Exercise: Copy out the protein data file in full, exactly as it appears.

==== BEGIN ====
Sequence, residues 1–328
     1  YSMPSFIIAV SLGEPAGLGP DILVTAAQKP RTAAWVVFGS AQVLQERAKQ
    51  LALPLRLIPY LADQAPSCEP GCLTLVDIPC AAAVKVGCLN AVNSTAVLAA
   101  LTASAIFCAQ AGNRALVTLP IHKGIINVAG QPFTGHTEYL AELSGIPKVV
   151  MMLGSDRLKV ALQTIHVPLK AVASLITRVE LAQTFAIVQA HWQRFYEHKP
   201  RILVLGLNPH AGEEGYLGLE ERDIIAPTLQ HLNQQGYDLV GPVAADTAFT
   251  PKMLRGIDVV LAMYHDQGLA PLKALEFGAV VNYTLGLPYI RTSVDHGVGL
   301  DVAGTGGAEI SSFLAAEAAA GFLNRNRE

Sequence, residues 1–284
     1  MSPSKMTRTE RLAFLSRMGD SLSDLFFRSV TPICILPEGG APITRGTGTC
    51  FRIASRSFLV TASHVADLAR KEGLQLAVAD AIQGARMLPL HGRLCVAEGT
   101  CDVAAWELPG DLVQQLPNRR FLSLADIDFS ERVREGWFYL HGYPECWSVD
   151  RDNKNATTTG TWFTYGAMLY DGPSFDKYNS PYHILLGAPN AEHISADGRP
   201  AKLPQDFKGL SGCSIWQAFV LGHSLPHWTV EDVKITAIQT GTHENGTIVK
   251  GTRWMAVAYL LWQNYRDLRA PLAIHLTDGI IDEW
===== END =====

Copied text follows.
Sequence, residues 1–328
     1  YSMPSFIIAV SLGEPAGLGP DILVTAAQKP RTAAWVVFGS AQVLQERAKQ
    51  LALPLRLIPY LADQAPSCEP GCLTLVDIPC AAAVKVGCLN AVNSTAVLAA
   101  LTASAIFCAQ AGNRALVTLP IHKGIINVAG QPFTGHTEYL AELSGIPKVV
   151  MMLGSDRLKV ALQTIHVPLK AVASLITRVE LAQTFAIVQA HWQRFYEHKP
   201  RILVLGLNPH AGEEGYLGLE ERDIIAPTLQ HLNQQGYDLV GPVAADTAFT
   251  PKMLRGIDVV LAMYHDQGLA PLKALEFGAV VNYTLGLPYI RTSVDHGVGL
   301  DVAGTGGAEI SSFLAAEAAA GFLNRNRE

Sequence, residues 1–284
     1  MSPSKMTRTE RLAFLSRMGD SLSDLFFRSV TPICILPEGG APITRGTGTC
    51  FRIASRSFLV TASHVADLAR KEGLQLAVAD AIQGARMLPL HGRLCVAEGT
   101  CDVAAWELPG DLVQQLPNRR FLSLADIDFS ERVREGWFYL HGYPECWSVD
   151  RDNKNATTTG TWFTYGAMLY DGPSFDKYNS PYHILLGAPN AEHISADGRP
   201  AKLPQDFKGL SGCSIWQAFV LGHSLPHWTV EDVKITAIQT GTHENGTIVK
   251  GTRWMAVAYL LWQNYRDLRA PLAIHLTDGI IDEW